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Police slam social media claim that men 'expect something in return' for a drink

13 December 2021 - 11:00
Police have warned social media users not to share 'fake' posts. File image.
Police have warned social media users not to share 'fake' posts. File image.
Image: Gareth Wilson

The police service has refuted a social media post warning women that men expect something in return for free drinks, saying it is fake news.

The post, with a message on a SA Police Service (SAPS) letterhead, warned women not to go out for drinks if they don’t have money.

“If you drink someone [sic], you must expect some to want something in return. When he starts to demand that something, please don’t call us, give him what he wants. The SAPS will be busy with important cases,” read the post.

The police moved to rubbish the post and warned the public against sharing it.

“The SAPS refutes this and ensures our members remain committed to ensuring a safer festive season and beyond.”

“A plea is made to social media users not to recirculate these fake news stories and create unnecessary panic.

“It is incumbent on every one of us to confirm the authenticity of posts on social media before we forward it to another person.”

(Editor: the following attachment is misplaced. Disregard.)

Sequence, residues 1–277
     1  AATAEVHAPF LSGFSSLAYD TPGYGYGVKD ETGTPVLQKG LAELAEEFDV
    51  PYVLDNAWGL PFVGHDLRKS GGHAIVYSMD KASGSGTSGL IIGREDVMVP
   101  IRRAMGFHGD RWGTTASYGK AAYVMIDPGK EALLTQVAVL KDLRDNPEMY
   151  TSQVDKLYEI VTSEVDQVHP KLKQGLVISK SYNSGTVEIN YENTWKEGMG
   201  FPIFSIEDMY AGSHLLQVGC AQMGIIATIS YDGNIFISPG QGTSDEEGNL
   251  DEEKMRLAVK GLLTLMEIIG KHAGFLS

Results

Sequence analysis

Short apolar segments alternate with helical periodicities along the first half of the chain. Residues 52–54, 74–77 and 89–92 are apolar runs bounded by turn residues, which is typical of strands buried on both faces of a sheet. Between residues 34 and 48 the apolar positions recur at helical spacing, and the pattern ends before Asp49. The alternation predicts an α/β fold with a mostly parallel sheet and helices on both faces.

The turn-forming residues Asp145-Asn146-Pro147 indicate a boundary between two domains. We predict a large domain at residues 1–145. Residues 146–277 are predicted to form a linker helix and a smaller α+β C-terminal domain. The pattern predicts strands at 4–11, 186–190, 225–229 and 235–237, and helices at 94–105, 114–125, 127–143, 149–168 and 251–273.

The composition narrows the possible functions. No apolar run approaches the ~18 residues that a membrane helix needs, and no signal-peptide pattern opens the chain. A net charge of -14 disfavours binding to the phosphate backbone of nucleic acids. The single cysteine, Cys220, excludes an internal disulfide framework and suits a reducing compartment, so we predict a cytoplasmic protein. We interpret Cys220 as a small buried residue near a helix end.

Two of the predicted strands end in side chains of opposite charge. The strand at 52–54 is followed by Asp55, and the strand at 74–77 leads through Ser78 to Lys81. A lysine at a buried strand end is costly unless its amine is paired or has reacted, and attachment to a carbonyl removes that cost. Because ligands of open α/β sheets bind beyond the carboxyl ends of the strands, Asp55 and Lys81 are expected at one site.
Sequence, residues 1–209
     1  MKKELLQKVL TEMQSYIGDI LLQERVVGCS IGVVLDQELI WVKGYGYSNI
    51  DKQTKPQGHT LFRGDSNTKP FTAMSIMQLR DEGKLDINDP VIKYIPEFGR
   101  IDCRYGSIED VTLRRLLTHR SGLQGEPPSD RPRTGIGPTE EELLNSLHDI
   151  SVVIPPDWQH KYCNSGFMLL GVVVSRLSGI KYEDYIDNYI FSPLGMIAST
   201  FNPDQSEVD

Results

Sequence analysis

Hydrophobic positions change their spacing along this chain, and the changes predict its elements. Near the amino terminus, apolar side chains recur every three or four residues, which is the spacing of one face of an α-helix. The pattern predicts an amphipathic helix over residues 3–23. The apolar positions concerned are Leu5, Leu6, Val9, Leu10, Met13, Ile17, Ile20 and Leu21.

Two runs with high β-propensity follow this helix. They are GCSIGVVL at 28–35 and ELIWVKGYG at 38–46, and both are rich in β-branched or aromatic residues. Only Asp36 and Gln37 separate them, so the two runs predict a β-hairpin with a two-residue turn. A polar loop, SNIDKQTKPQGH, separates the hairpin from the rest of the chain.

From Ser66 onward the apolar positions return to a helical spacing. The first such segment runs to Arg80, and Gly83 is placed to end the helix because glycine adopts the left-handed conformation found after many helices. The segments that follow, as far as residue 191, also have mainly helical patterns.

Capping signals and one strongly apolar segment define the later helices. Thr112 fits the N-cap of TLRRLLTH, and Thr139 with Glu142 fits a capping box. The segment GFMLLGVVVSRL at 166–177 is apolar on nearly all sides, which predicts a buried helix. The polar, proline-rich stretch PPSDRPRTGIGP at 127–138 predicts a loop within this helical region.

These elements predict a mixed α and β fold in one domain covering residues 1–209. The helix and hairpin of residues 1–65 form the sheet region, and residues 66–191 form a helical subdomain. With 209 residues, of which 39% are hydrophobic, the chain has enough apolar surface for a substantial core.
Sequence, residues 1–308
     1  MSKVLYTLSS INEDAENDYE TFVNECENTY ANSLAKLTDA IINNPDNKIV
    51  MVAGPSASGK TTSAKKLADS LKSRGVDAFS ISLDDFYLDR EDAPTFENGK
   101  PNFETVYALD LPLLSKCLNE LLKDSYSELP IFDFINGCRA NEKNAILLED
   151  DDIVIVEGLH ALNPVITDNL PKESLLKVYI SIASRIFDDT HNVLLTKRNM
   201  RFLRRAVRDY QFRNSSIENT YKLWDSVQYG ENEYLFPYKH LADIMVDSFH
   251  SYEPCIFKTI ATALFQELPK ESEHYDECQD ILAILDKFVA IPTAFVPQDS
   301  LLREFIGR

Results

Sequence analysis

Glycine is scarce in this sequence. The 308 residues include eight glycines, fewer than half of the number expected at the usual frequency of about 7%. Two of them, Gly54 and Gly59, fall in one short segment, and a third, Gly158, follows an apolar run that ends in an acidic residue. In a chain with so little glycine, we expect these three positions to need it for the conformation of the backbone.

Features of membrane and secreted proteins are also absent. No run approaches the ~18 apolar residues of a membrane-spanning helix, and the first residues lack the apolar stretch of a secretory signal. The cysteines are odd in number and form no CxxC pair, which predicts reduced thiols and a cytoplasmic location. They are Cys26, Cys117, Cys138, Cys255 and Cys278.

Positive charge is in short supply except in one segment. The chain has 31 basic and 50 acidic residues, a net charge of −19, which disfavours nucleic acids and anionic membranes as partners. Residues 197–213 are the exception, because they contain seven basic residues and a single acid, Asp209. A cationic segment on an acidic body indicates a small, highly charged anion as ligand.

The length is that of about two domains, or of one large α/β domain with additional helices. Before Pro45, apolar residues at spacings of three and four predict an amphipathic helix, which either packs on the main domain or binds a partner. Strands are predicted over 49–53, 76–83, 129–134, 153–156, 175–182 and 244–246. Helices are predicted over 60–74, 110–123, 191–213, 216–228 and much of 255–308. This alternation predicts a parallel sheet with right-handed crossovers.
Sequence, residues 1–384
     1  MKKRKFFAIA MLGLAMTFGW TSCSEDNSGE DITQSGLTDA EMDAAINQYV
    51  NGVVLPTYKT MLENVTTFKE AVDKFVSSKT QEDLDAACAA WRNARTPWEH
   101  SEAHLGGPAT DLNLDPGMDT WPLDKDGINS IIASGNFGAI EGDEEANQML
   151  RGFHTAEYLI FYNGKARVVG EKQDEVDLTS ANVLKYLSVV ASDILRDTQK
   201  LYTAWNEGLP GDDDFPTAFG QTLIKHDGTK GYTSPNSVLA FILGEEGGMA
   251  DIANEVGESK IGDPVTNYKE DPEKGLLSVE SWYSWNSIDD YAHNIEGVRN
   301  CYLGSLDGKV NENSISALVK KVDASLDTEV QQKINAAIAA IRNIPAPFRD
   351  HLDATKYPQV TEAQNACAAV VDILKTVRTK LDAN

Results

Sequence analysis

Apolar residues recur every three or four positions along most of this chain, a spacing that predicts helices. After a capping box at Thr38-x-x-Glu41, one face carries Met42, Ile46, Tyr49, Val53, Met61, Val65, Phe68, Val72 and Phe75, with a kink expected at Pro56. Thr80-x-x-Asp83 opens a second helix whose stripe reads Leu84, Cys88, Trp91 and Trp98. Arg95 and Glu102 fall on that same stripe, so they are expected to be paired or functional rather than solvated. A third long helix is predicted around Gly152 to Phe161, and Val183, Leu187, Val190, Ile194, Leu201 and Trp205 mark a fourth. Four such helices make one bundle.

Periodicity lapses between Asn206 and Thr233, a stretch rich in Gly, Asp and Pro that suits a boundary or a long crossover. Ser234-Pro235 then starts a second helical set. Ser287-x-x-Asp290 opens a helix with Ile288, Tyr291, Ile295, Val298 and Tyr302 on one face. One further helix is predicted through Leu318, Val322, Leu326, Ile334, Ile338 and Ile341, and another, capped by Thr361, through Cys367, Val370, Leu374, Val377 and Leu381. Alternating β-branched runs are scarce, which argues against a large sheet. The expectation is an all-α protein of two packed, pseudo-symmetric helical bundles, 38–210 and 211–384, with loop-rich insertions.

FAKE NEWS Social media post making the rounds. The SAPS refutes this and ensures that our members remain committed in...

Posted by South African Police Service on Saturday, December 11, 2021

Earlier this year, the police warned Gauteng residents, particularly students, not to be duped by thieves posing as prophets whose real intention is to steal.

Police spokesperson Capt Xoli Mbele said detectives were investigating several cases of theft under false pretences using this modus operandi.

“It is alleged t the suspects pose as prophets and mainly target students. They will stop their victim and start prophesying to them,” said Mbele.

“In one case, the victim was lured into bringing her laptop and those of her roommates together with her cellphone and was transported to a local supermarket, where she was required to buy salt and water. Upon returning from the store, the fake prophet was nowhere to be found.”

Members of the public were advised to heed safety tips to avoid becoming victims of the scam.

“Do not stop for strangers in the street, let alone give them an ear, no matter how true what they say may sound.”


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